Today was supposed to be the day that Lee Young San (the guy I met at the bath house/sauna the other night) and I were going to meet with some of his coworkers from his office so that I could help them with their English. Lee phoned me to confirm that I could make it and I made my final preparations. Then, with only a few minutes before I was ready to set out Lee phoned me again to tell me he was swamped with work (at 7:30 on a Friday night?) and that he would not be able to make it, but I was to go meet his coworkers anyways who would come meet me. He said that he had "sms"d me her name and phone number (what a text message is called everywhere else in the world), but he did not know that I had not yet figured out how to check my sms messages on my Korean phone yet.
I set out for the prearranged meeting place to meet my blind date. In a country where "everyone looks the same" and I didn't even know what my date looked like, I was basically waiting for her to find me.
Along the way there was a massive argument as some young Korean man was having some sort of problem with the white owner of the pub attached to my gosiwon. It was quite a yelling match and all the middle-aged white, pot-bellied bar owners from the street (quite a funny sight in Korea) had gathered to show consolidarity.
After about fifteen minutes of waiting I started to get worried that one of the many women waiting behind me was my date. I met a Korean woman who was also waiting for her date and we had a pleasant chat. Her name was Amy and she spoke in impeccable English. Apparently she had lived for six years in America when she was younger and now possessed a fluent version of both languages. I told her my predicament and wondered if I was just missing something, or if I was just trapped in Korean Time. She asked how long I had been waiting, and when I said my date was fifteen minutes late Amy said that there was still lots of time left in Korean Time for her to arrive. Eventually my date found me after a half-hour of waiting. I was not bored in the mean time though, for even after Amy left I still had a young Korean man I met the other day try to set find Korean women to talk to me (unsuccessfully), and a 65-year-old prostitute tried to get me to take her home.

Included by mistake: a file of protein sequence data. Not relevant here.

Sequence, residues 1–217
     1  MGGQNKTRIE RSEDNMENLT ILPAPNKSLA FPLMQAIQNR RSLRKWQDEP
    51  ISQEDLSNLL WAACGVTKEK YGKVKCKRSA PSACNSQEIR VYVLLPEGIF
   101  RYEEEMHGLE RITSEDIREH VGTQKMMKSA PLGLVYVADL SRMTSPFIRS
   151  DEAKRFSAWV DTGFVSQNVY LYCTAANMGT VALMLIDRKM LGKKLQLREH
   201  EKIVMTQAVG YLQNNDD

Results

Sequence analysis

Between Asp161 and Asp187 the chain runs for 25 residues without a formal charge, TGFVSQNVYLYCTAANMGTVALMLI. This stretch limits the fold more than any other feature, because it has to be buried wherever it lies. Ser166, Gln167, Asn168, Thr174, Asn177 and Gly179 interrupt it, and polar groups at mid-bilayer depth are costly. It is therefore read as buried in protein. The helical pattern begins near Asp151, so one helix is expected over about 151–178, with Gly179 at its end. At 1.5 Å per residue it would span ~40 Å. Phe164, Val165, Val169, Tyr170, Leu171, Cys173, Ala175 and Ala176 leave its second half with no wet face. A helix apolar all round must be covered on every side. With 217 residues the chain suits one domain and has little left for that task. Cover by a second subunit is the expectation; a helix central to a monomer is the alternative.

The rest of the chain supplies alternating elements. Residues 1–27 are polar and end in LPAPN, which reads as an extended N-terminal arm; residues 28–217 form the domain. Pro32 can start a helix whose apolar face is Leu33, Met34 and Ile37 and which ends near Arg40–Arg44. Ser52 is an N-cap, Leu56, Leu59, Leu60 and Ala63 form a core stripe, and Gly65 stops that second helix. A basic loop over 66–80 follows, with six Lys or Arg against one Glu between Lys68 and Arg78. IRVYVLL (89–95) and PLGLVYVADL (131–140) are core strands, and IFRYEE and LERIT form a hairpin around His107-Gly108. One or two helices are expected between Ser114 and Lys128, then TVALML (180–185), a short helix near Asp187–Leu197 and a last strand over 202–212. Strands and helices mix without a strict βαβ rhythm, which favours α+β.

My date's name was Song Hyeon A (the first time I've seen a Korean name only one letter long). She spoke very little English and was understandably quite nervous at first. She tried to express in broken English that she would like to eat, but did not know anywhere to eat in Itaewon. Being the true gentleman and ladies man that I am I of course took her to KFC, where I was more than happy to let her pay for both of our meals. (Note: Lee Young San later told me that he made her pay for the meals because "his friend was doing her a great favour by helping her with her English...")
After dinner and a surprisingly good conversation we set up another date when we would both prepare some material (me in English and her in Korean) to teach the other participant. I suggested a BBQ place across the street that had been recommended to me, but later regretted it as I figured I might have to actually pay for my meal and maybe hers this time.
Special note on the KFCs in Korea: My classic chicken combo came with only two small pieces of chicken, small fries (the kiddie sized ones in the bag) and a small soda. I tried to tell Hyeun A that in Canada we get about two to three times that amount in our combos, but she could not grasp how a person could eat that much and not get fat....